Plant resistance studies target food security
Scientists in the UK are attempting to find new ways to improve crop plants and increase food security by gaining a clearer understanding of how some bacterial strains become specialised to overcome plant resistance. Presenting their findings in the journal Science, the scientists identified the genes used by some strains of the bacterium Pseudomonas to overwhelm defensive natural products produced by plants of the mustard family, or crucifers including broccoli and Brussels sprouts.
'Microbes only become pathogens when they find a way to infect a host and overwhelm the host defences,' explains lead author Dr Jun Fan from the John Innes Centre (JIC) at Norwich Research Park in the UK. 'Our findings answer some important questions about host-pathogen biology.'
The researchers explain that 'non-host resistance is the ability of most plant species to resist microbes or viruses that are successful pathogens on other plants. It is the most prevalent form of plant disease resistance, is durable and effective against a broad range of potential pathogens.' But they acknowledged that their understanding of 'its molecular basis is still poor'.
'Plants generate a huge diversity of natural products, with multiple roles in defence, communication, and development,' the authors write. 'Preformed natural products provide chemical barriers to phytopathogenic fungi and are deterrents in plantherbivore interactions. Their role in restricting bacterial host range remains obscure, as do the bacterial mechanisms involved in breaching natural product — mediated host defences.'
Hence, to better understand fundamental host-pathogen biology and to shed light on the development of sustainable field resistance to major crop diseases, the research team defined 'plant components conferring non-host resistance as well as strategies used by virulent pathogens to overcome resistance barriers'.
After carrying out a series of experiments, Dr Fan's team confirmed that the chemicals used by cruciferous plants to defend against bacteria are isothiocyanates, nitrogen and sulphur-containing organic compounds produced by plants of the mustard family such as cabbage, broccoli and Brussels sprouts. These potent molecules have antioxidant, anticancer and anti-inflammatory properties in humans.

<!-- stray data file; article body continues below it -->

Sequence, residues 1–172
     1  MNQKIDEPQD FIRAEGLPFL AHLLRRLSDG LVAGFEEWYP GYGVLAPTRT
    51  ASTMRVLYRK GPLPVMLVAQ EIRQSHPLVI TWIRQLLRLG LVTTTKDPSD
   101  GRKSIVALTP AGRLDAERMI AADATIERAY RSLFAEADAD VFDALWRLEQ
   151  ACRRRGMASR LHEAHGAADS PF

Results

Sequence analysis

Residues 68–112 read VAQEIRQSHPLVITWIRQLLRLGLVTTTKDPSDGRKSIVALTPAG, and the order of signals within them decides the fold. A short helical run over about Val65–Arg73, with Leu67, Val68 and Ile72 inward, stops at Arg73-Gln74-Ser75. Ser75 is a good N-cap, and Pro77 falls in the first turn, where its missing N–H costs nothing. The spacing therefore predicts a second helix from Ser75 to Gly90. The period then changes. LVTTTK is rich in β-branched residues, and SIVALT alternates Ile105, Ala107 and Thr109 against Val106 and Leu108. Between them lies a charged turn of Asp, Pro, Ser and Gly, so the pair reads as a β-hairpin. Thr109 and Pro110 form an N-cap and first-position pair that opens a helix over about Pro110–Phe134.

Isothiocyanates are released by the plant when it is challenged or eaten. They had previously been shown to be active against bacteria but this is the first time their essential role has been successfully tested using real plants. Without this class of compounds, crucifers would be more vulnerable to disease from a much wider variety of bacteria. Isothiocyanates also provide a chemical barrier to harmful fungi and a toxic defence warning to insects and other herbivores.
The team of scientists from JIC and the University of Edinburgh found that bacterial pathogens carrying the sax genes, thought to be involved in detoxification and removal of isothiocyanates, were able to overcome these defences.
Understanding how some bacterial strains become specialised to overcome plant resistance will help scientists identify new ways to improve crop plants. 'These discoveries have a broader significance for current efforts to increase food security,' says co-author Dr Peter Doerner, lecturer at the University of Edinburgh. 'They define a strategy for sustainable disease control in agriculture by stimulating the production and variety of natural products in various crop plants.'
The authors write, 'Our findings show that Pseudomonas pathogens require sax gene–dependent mechanisms to overwhelm aliphatic isothiocyanate–mediated non-host resistance in Arabidopsis.' They note that this work showed how 'non-host resistance...to specific pathogen genotypes, can be resilient, durable, and broadly effective against many potential pathogens, thereby revealing emergent principles for engineering sustainable field resistance for major crop diseases'.